What is a Neuropsychological Evaluation?
A Neuropsychological Evaluation includes a battery of tests designed to assist you, your family, your doctors and other medical professionals in understanding how different areas and systems in your brain are working. Changes in your cognitive functioning can be the direct result of a number of medical, neurological, psychological and/or genetic causes.
Referrals for a Neuropsychological Assessment can come from the patient (self-referral), family members, neurologists and other medical specialists, primary care providers, courts and other sources.
Assessment is usually recommended when there are concerns, symptoms or complaints regarding memory or thinking, concentration, reasoning, language difficulties, perception and/or personality functioning.
A comprehensive Neuropsychological Assessment can help confirm, rule-out or clarify a diagnosis, document changes in cognitive functioning, guide treatment, inform clinical recommendations, and assist in referrals to other specialists.
A typical Neuropsychological Assessment will take several hours in The Clinic’s office. The evaluation includes an in-depth clinical history, behavioral observations during the testing, and assessment in the following areas:
- General Intellect
- Attention & Concentration
- Language Functioning
- Problem Solving &
- Attention & Concentration
- Memory & Learning
- Motor Functioning
- Sensory-Perceptual Functioning
- Planning & Organizing
- Visual-Spatial Functioning
- Academic Functioning
- Emotions, Behaviors, and Personality
How are test scores used?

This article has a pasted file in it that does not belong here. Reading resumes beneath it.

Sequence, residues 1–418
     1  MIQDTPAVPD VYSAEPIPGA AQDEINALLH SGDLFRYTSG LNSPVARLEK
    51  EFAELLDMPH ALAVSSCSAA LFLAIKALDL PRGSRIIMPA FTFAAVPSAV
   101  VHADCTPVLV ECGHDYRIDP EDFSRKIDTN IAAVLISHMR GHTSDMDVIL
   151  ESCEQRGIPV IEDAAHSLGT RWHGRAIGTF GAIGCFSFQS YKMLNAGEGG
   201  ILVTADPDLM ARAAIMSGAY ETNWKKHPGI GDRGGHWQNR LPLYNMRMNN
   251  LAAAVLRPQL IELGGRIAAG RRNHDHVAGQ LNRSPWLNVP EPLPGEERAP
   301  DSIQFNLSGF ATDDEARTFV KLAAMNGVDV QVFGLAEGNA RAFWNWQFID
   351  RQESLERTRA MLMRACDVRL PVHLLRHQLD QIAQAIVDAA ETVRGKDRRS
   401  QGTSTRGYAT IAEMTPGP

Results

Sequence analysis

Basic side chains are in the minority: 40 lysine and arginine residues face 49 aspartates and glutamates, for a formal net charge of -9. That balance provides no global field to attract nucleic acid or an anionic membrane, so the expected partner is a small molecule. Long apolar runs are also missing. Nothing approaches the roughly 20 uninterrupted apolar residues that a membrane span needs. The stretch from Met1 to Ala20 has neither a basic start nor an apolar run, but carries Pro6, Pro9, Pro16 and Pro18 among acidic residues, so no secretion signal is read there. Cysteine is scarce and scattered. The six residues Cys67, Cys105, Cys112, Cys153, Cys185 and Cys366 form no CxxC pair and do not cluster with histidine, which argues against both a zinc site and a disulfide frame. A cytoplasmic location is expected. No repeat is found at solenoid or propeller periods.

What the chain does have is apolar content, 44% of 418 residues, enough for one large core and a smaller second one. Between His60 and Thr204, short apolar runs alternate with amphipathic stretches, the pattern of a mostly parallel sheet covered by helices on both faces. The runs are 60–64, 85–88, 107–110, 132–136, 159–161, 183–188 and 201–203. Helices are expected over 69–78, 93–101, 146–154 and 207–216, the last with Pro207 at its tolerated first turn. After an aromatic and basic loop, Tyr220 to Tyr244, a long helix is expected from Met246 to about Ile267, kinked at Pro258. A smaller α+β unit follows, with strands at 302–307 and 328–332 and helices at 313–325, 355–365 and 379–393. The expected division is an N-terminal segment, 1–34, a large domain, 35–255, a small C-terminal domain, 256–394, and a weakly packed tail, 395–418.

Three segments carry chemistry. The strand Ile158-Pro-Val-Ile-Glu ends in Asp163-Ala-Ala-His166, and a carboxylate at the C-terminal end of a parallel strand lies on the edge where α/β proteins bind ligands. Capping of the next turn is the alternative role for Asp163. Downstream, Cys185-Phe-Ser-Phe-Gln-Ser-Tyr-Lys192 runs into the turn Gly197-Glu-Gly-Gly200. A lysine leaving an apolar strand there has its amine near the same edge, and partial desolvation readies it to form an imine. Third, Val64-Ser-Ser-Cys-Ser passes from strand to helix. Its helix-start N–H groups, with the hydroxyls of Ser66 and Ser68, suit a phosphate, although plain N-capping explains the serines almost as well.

Test results are compared to other people of your age/education, and they can be used to understand your situation in various ways. For example, the neuropsychologist can use your test scores to determine if your cognitive functioning is normal for your age and educational background, or if there are deficits beyond what would normally be expected.
Sometimes neuropsychological testing will be used to establish a baseline of your cognitive functioning when there are concerns of a possible progressive neurological disorder. Tests can then be compared over time to help establish the extent of progression of a disease.
Your neurologist or physician will use this information, along with neuro imaging, blood workups, and other methods to come up with the most informed decision regarding your diagnosis and treatment.
Information gained from neuropsychological testing can also be utilized to identify specific areas of weakness and strategies that can be used for recovery.
The test results then also serve to develop a tailored treatment plan either for relearning of cognitive abilities through exercises or to identify and enhance compensatory strategies and organizational and memory strategies to help patients in operating better in their day-to-day lives.